|THE LIVELY PAINTED CLOTHS in Queen's Margaret's Chamber at Owlpen are said to be unique as a complete decorative scheme of such work still in situ in England. They are certainly the best example surviving of what was once a very common form of interior decoration. Frequently recorded in early wills, inventories and account books, where such cloths are valued at sixpence to a shilling a yard, they give a privileged idea of the appearance of many Tudor and Stuart interiors, before the introduction of wall-papers. Many must have been destroyed in the eighteenth and nineteenth centuries, when ‘improving’ and modernizing old houses.|
|Now only fragments of such work survive in a few provincial museums and old houses. They include those at the Anne of Cleves Museum at Lewes (Sussex), Yarde Farm, Kingsbridge (Devon), The White House, Munslow (Shropshire), Gainsborough Old Hall Museum (Lincolnshire), Luton Museum, the Shakespeare Birthplace Trust (Stratford-on-Avon) and The Victoria and Albert Museum (from Bentley, Hampshire). Some appear to be from the same workshop, the backgrounds painted to standard designs from pattern books.|
Such textiles were known as ‘painted’ or ‘stained’ cloths, or ‘water-work’, though the technique of each may originally have been slightly different, with painters and stainers maintaining separate guilds until 1502. They were a cheaper substitute for tapestry, as here in the upstairs rooms of manor houses, or in the halls of farmhouses.
They are of the kind recommended by Falstaff to Mistress Quickly, so she should pawn her ‘fly-bitten tapestry’:
and for thy walls, a pretty slight drollery, or the story of the Prodigal, or the German hunting in water-work is worth a thousand of these fly-bitten tapestries
(2 Henry IV, II. ii).
Shakespeare refers several times to such painted cloths: Robert Arden, his grandfather, had eleven of them. Estienne Perlin, writing in 1558, remarks that ‘the English use many hangings, painted cloths (toilles pinctes), which are well done … you can enter few houses but you find such cloths’. By John Aubrey’s time, in the 1640s, they were already old fashioned and provincial. They are first recorded in England in the mid-fourteenth century, continuing to the late seventeenth century, carefully distinguished from tables, or easel paintings on panels.
The painted cloth was the forerunner of the painting on canvas, which was gradually to replace the painting on panel. The technique was similar to that employed for stage scenery, festival banners pageants, and designs for masques and formal mourning accoutrements.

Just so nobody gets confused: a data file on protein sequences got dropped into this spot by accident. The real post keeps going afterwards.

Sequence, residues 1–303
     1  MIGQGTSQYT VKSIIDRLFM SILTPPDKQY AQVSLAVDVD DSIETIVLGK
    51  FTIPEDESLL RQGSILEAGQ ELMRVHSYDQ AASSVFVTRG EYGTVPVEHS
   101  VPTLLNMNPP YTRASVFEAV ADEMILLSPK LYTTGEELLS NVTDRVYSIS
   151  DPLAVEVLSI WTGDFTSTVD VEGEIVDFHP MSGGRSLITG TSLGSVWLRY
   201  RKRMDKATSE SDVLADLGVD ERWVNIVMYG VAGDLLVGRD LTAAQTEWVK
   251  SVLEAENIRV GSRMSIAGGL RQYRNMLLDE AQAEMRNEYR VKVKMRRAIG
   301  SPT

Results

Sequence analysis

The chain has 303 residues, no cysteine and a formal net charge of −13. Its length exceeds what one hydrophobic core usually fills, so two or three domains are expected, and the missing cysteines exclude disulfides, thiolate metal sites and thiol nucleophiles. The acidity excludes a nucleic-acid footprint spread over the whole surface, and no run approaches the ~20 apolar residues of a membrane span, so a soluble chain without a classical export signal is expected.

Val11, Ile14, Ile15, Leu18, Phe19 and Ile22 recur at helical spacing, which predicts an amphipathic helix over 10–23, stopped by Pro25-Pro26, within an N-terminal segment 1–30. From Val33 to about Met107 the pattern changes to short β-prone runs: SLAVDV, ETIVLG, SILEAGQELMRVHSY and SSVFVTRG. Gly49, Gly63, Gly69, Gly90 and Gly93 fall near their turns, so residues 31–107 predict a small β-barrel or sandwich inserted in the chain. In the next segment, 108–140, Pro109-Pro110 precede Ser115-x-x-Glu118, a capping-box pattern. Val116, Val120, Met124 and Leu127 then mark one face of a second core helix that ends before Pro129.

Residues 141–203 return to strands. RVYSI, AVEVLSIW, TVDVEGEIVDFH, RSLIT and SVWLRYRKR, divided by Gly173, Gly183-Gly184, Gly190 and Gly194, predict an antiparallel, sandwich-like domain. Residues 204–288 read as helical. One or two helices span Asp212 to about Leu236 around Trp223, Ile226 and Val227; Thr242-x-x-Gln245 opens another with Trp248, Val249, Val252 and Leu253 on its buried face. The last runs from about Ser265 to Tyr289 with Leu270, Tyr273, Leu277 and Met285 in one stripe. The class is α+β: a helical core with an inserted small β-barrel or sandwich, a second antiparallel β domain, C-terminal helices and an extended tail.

These are painted in distemper, a tempera technique where the earth pigments are bound with glue size, on 42-inch unbleached canvas-linen strips. Duty marks stamped on the back date them to after 1712: ten years later they are recorded as being at Owlpen.
They were cleaned by Elsie Matley Moore (of The Greyfriars, Worcester, which she left to The National Trust) and removed here from the (higher) east bedroom in 1964, so losing their bottom border. She had made a full-scale facsimile of them for the National Monuments Record during the War, writing an article for Country Life in 1944.
Further copies of the rare Owlpen cloths have been made, using original techniques, for display in historic interiors recently. They may be seen at the Priest’s House Museum, Wimborne, Dorset, the Shakespeare Birthplace Trust, Stratford, and Blakesley Hall, in the West Midlands.
They illustrate naïve and graceful scenes from the life of Joseph and his brothers:-
West wall (left of fireplace):
Joseph in his ‘coat of many colours’ (or ‘long robe with sleeves’) is admired by the senior Jacob (with beard and hat) in the Vale of Hebron.
East wall (opposite door):
To the left, Joseph is lifted out of the pit by his brothers (dressed in smocks); to the right, the Ishmaelites from Gilead, wearing fur-trimmed doublets and hats (the anachronism signifying their merchant status), with a ‘Cotswold’ camel ‘laden with spicery’ by the window.
North wall (behind bed):
Two of Joseph’s brothers sell him to the Midianite traders for 20 pieces of silver, among sheep of their flock (and a sheep dog) in the pasture; note a dove high up to the left.
The background is a stylized arrangement of conical hills, white farmsteads, flowers, foliage, cedars, palms and other trees representing the Holy Land.